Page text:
The squirrels are bouncing off the walls of their cage—literally. I can’t open the door for more than the few seconds it takes to toss in their food; otherwise the spastic little rascals are out and a merry chase ensues to get ‘em back inside. By next week they should be good to go. The folks who found these babies asked that they be allowed to release them back in their yards, so that’s the plan for ‘em now that they’re old enough and eating a wide enough variety of natural foods—natural in this case meaning the stuff they’d find in the wild, not “all natural, no preservatives”…although technically, I suppose it does mean that, too!
The doves are in the flight pen now. They look a little bewildered and somewhat bedraggled in the photos; this morning was their first experience with rain. Doves are mostly ground birds, so their tail feathers got a bit muddy, but manic grooming sessions, as you can see from the Eurasian collared’s photo, will soon fix that.
This adorable little flying squirrel came in late last week after being attacked by a cat. He was originally taken to raptor rehabber Steve Hicks of Bubba & Friends, and volunteers Amy Rogers and Laurie Jackson coordinated to get him to me. Thanks to Steve for immediately starting him on antibiotics and to Amy & Laurie for getting him to me so quickly.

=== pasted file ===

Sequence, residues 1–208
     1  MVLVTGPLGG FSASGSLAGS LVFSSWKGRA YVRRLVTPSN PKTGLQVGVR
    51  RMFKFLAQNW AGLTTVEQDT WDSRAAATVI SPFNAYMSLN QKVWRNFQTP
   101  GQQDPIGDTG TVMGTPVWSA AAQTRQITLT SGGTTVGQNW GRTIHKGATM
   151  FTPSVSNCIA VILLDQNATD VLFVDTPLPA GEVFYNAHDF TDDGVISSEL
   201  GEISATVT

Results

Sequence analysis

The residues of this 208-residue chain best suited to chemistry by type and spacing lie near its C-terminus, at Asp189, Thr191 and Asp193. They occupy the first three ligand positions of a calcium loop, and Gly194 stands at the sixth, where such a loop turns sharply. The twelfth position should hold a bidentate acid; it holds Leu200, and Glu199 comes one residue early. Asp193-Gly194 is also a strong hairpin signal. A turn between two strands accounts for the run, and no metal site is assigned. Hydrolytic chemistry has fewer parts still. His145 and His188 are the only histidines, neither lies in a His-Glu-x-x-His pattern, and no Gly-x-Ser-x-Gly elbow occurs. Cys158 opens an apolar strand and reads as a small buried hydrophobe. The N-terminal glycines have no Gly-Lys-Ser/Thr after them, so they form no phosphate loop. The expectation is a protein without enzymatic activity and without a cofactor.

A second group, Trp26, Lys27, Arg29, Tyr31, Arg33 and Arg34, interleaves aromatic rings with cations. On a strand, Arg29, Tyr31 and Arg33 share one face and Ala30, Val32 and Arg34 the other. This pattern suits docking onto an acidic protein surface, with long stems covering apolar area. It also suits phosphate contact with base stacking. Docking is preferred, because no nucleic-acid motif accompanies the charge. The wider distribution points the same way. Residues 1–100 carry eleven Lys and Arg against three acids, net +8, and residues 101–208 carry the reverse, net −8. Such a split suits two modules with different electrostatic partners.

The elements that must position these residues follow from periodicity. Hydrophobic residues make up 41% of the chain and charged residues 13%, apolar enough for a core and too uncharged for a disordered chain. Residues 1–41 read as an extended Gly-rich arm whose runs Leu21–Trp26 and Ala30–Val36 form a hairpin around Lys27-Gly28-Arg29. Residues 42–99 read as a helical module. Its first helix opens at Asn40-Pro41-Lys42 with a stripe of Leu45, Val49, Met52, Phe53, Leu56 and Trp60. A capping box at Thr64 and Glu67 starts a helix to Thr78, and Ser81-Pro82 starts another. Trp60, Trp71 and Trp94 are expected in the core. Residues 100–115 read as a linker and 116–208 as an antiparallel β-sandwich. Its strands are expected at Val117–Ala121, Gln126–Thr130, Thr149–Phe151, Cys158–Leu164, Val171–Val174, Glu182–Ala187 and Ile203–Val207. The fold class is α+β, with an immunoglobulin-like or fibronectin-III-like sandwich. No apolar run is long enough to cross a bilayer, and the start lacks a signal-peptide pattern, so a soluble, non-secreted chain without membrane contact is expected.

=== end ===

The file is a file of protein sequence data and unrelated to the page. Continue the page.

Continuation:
He was a very lucky little fellow; the cat only managed to injure his tail. Flyers use their tails as rudders, but the tails will snap off as a survival mechanism. Unfortunately, flyers can’t glide properly without their tails. This darling will have a permanent kink in his tail, but he’ll still have the entire tail, so his navigation system will be intact!
To give you an idea of the flyer’s size, his photos are larger than he is in real-life; he’s only app. 3 inches long, not including his tail, which adds about another 2 inches or so.
Remember this gopher tortoise from early August? This nasty gash was easily treatable, but I transferred this guy to Steve Hicks, who had an escape-proof turtle/tortoise pen to hold him while he healed.
Last week, Sir Gopher came back to me, at the same time as the flyer, for release. Look at the difference in his shell in just two months!
The person who originally found him met me and took him back to his home territory for release.
I still have one red bellied woodpecker from the summer randomly insisting on a handout. He calls and fusses and demands until—after holding it up where he can see it—I carefully place a pecan half on one of the platform feeders and step away. Then he flies over and scoots down the tree to the feeder to snag his snack!
Fall begins Saturday, hopefully accompanied by actual fall-like temperatures. As the temps cool down and the leaves begin changing, make time to get outside and look for flocks of migrating birds overhead—you never know what you might see. Several years ago, I was lucky enough to have a flock of migrating American robins roost in the woods behind my house. You think one robin’s noisy, try having hundreds of them chattering away at the tops of their lungs. I still grin thinking about seeing the trees filled with gossiping robins!